The China-Ecuador pact was ratified in February 2024 by Ecuador’s National Assembly, where it passed with 55 percent of legislators voting in favor. It faced resistance, especially from former President Rafael Correa’s (2007–2017) Citizen Revolution party, some of whose lawmakers expressed concern over Ecuadoran industries losing competitiveness in the face of Chinese imports. On the other side, supporting legislators cited the promise of development and jobs. The agreement will allow for preferential trade for 99.6 percent of exports. Currently, bilateral annual trade is estimated at over $10 billion.

The Ecuador-China accord follows a 2022 debt restructuring deal between the two countries that involves Beijing providing Ecuador with $1.4 billion in relief through 2025.


Signed: August 31, 2023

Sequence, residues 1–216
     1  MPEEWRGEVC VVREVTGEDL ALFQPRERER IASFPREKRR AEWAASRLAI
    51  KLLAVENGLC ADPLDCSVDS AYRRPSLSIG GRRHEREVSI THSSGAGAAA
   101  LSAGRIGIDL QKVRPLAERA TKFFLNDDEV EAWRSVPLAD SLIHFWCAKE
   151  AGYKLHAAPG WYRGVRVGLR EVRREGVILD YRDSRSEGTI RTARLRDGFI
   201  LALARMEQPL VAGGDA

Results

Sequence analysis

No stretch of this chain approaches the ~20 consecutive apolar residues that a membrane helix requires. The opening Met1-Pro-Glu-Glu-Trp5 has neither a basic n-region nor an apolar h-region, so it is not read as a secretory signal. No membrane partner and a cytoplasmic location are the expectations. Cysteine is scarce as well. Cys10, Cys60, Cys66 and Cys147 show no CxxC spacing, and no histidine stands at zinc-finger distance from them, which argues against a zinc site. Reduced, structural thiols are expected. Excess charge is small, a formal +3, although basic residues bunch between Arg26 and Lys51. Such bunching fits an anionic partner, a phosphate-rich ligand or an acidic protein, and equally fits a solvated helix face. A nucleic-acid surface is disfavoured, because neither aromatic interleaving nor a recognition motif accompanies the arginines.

Implemented: January 1, 2024

On the first day of 2024, China’s free-trade agreement with Nicaragua came into effect, just over two years after the Central American country opened its diplomatic relations with Beijing. The accord, signed in August 2023, allows Nicaragua to export 71 percent of its products to China tariff-free, but maintains tariffs on Chinese goods that could compete with Nicaragua’s products, like meat and coffee. The United States remains Nicaragua’s top trade partner, given the Central American country’s inclusion in the Dominican Republic-Central America FTA, known as CAFTA-DR.

Costa Rica

Signed: April 8, 2010 

Implemented: August 1, 2011

In 2007, Costa Rica became the first Central American country to switch recognition from Taiwan to China, doing so under the leadership of President Óscar Arias (1986–1990; 2006–2010). The trade deal, China’s first with a Central American country, was signed in 2010

But despite the trade deal, Costa Rica’s exports to China dipped 37 percent from 2007 to 2021. Just 2.7 percent of Costa Rican exports, or $463 million, went to China in 2021. 

The country’s top trade partner remains the United States.


Signed: April 28, 2009 

Implemented: March 3, 2010

On April 28, 2009, Peruvian President Alan García (1985–1990; 2006–2011) signed an FTA with China during a period when the country inked deals with several commercial partners, such as the United States, Canada, and the European Union.